Chinese e-commerce giant Alibaba Tuesday filed its much-anticipated plans to sell shares in what could be one of the biggest initial public offerings ever.
Alibaba said it plans to raise $1 billion, but before it's finally priced later this year, that amount is likely to be far higher. The IPO is widely expected to surpass that of Facebook, which raised $16.4 billion in 2012, and could be nearly as big as the 2008 offering by credit card giant Visa, which raised about $17.9 billion.
Alibaba's registration statement was lengthy at more than 2,300 pages. But specifics about the IPO were scant. The filing did not specify an offering price.It did not say what exchange the American Depositary Shares would list on. And it did not
reveal what Alibaba's stock symbol would be.
Still, the filing did shed light on the company's impressive business model and growth trajectory.
Started by former English teacher Jack Ma in 1999, Alibaba is a mash-up of businesses, making the bulk of its revenue as an Internet middleman, charging sellers for marketing and advertising. Alibaba's Alipay division — which is not part of the IPO — is the world's largest payment processor.
At the end of 2013, Alibaba said it had 231 million active monthly buyers, up 44% from a year earlier. For the nine months ended in December, Alibaba generated net income of $2.9 billion on revenue of $6.5 billion.
Alibaba's potential market capitalization has soared since 2012, when it was valued at less than $40 billion following a bond offering. Tuesday's registration statement further underscored Alibaba's growth potential. Online shopping represented just under 8% of Chinese consumption in 2012. But that's projected to grow at an annual rate of 27% through 2016.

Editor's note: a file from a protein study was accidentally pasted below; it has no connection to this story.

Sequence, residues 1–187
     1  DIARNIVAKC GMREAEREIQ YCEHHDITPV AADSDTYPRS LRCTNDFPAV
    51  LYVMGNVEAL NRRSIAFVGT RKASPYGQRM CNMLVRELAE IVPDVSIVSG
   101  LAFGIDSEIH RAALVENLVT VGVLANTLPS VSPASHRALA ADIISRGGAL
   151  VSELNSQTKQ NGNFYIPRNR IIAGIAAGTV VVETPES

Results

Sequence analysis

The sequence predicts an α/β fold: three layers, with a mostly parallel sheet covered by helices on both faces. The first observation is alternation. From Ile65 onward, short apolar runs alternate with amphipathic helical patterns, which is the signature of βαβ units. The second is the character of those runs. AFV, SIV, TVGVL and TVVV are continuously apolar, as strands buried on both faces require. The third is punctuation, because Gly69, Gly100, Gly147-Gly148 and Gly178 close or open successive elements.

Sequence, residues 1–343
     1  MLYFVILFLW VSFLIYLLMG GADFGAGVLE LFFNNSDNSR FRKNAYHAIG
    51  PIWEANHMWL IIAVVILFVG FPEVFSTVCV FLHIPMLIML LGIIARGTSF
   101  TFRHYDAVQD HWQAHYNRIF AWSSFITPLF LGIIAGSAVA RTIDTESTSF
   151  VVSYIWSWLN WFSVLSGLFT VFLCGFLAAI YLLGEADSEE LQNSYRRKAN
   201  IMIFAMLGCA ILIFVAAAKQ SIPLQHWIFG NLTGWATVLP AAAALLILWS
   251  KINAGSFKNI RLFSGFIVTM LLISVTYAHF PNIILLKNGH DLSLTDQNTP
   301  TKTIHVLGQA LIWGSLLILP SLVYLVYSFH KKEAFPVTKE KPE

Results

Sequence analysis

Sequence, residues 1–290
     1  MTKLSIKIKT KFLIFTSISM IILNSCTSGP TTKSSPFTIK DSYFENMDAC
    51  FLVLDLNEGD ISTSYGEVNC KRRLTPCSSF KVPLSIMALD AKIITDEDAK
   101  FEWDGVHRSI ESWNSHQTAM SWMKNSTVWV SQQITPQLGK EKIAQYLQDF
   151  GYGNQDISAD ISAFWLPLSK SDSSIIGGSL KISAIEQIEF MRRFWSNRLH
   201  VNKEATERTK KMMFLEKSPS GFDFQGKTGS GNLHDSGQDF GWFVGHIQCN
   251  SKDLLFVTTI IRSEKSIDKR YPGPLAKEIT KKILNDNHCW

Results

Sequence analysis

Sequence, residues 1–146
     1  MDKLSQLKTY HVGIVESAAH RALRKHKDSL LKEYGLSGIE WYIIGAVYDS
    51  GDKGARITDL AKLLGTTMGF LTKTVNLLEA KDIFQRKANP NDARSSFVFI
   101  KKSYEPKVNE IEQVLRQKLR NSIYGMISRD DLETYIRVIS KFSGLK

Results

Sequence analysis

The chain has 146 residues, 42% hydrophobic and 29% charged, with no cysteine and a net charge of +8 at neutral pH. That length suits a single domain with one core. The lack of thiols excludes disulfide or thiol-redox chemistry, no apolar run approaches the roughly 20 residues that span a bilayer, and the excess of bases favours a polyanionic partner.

As the largest e-commerce player, Alibaba is also poised to benefit from mushrooming Internet use. About 618 million Chinese — 46% of the country's population — used the Internet in 2013. That's expected to rise to 790 million by 2016, Alibaba says.
Still, Alibaba could face increasing competition from Chinese rivals, such as Tencent, notes Forrester Research analyst Kelland Willis. "One of the biggest challenges Alibaba can expect to face in the next five years is stiff competition from both digital and e-commerce players,'' Willis says.
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Competition aside, Alibaba's IPO will create a windfall for Yahoo. The Internet search engine's Alibaba stake has helped bolster a sagging stock price under CEO Marissa Mayer's two-year watch.
Yahoo's decade-old investment in Alibaba has already paid off nicely. The company acquired a 40% Alibaba stake for just $1 billion in October 2005. In 2012, Yahoo sold nearly half its Alibaba holdings for about $7 billion. Yahoo, which holds a 22.6% share in Alibaba, has said it plans to sell 10% of its stake, creating a potential windfall for shareholders or allowing the company to pursue acquisitions.
Some analysts have valued Alibaba at upwards of $200 billion, meaning Yahoo's stake is worth nearly $50 billion.
Six investment banks are listed as IPO underwriters, including Credit Suisse, Deutsche Bank, Goldman Sachs, J.P. Morgan, Morgan Stanley and Citigroup.
Contributing: Elizabeth Weise.